Don't let the player spend 50 - 75 points, then make it a mission to make those points useless by rules interpretations, plot twisting or some other mechanism that rub the player's nose in the fact that you "outwitted him". That just creates a "Player vs GM" attitude that will likely leak over to your other players, probably reduce the enjopyment of the game for everyone and almost certainly result in one really annoyed player. That doesn't do anyone any good.

Then again, this might very well also be a reason to put your foot down in the first place, be firm, and honestly deny any build that you aren't going to give its full value in play, either because you think it is unbalanced, should be built another way (i.e. breaks a metarule), won't be useful in your game, or whatever. You can look at it both ways.

 

I do this all the time. If a player (not that I've ever had this particular one come up) sinks 20 points into KS: theology to be the best frigging theologian in history, I might just say, "Ah, you don't need that many points. In practice you are really only going to need about a 20- roll for absolutely anything in my campaign, if that. Are you sure you want to sink so many points into that when they aren't going to be useful?"

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Re: Curious of Other Opins

 

Agreed with Sean and Hugh completely.

 

My punitive suggestion was for humorous purposes only; sorry if that wasn't clear.

 

I only suggested any punitive measures in the event that the player had an obvious intention to 'get around' some other existing rules or constructs. If the player and the GM are both agreed on how the construct works and the GM feels that it is not unbalancing or simply a 'dirty trick' then there is no reason that it shouldn't be allowed to stand. (unless, as I stated, it is more accurately represented by existing abilities.)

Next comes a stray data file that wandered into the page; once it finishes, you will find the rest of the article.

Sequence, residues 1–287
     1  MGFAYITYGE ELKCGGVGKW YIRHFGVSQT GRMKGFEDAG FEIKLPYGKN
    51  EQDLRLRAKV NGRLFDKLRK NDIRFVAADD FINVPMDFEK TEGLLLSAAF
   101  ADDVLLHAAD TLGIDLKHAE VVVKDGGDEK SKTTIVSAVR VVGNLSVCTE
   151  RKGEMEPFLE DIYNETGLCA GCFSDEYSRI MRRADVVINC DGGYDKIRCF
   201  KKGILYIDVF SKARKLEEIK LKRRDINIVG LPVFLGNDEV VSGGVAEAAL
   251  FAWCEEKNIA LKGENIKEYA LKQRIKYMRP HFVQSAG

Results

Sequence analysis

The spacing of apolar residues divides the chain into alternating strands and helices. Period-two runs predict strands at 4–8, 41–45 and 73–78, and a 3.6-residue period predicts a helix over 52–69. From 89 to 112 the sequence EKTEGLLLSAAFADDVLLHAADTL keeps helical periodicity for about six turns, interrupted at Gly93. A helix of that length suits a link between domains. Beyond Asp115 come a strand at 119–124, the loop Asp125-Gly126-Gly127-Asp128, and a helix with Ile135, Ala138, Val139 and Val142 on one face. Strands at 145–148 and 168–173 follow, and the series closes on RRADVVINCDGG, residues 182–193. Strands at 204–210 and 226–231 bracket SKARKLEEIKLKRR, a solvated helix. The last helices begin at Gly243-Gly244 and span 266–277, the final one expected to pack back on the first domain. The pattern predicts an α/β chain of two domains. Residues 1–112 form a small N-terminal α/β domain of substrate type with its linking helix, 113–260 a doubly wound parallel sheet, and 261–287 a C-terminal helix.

But I still have the issue with doing all that on one Detect as opposed to one for each.

 

And if the player intends to use his 'Detect Solid Objects' in a combat situation, he might do well to buy it Targeting as well.

 

Guess I've already blow my 'makes good sense' disguise, and after only 30-odd posts. ;)

 

On the plus side, the pressure's off! :D

 

Duke

 

I always assume everything everyone else says is for humourous purposes only. :D

 

Whilst I agree with you about 'all that in one detect' the rules specifically allow you to add additional detects for +5 points and, so long as you can justify it all in one sfx bundle (I suggested some sort of pre/post-cognition deal). I don't make the rules up, I just abuse them.

 

I'll always remember those first thirty posts fondly, Duke: welcome to the land of the fallen (well, I like to call myself fallen, which impies I was once 'up there' and we all know that ain't true :))

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Re: Curious of Other Opins

 

I always assume everything everyone else says is for humourous purposes only. :D

 

Whilst I agree with you about 'all that in one detect' the rules specifically allow you to add additional detects for +5 points and, so long as you can justify it all in one sfx bundle (I suggested some sort of pre/post-cognition deal). I don't make the rules up, I just abuse them.

 

I'll always remember those first thirty posts fondly, Duke: welcome to the land of the fallen (well, I like to call myself fallen, which impies I was once 'up there' and we all know that ain't true :))

Hmm. True, but Clairsentience isn't bought with Enhanced Senses; it is its own Power. Not that I'm saying I think it should necessarily be that way, but building Clairsentience using Enhanced Senses would definitely be breaking a metarule if Clairsentience is used in the standard fashion within a campaign. Now, you can certainly use non-standard senses through Clairsentience, just like you can use non-standard senses to gather the input for using a Skill.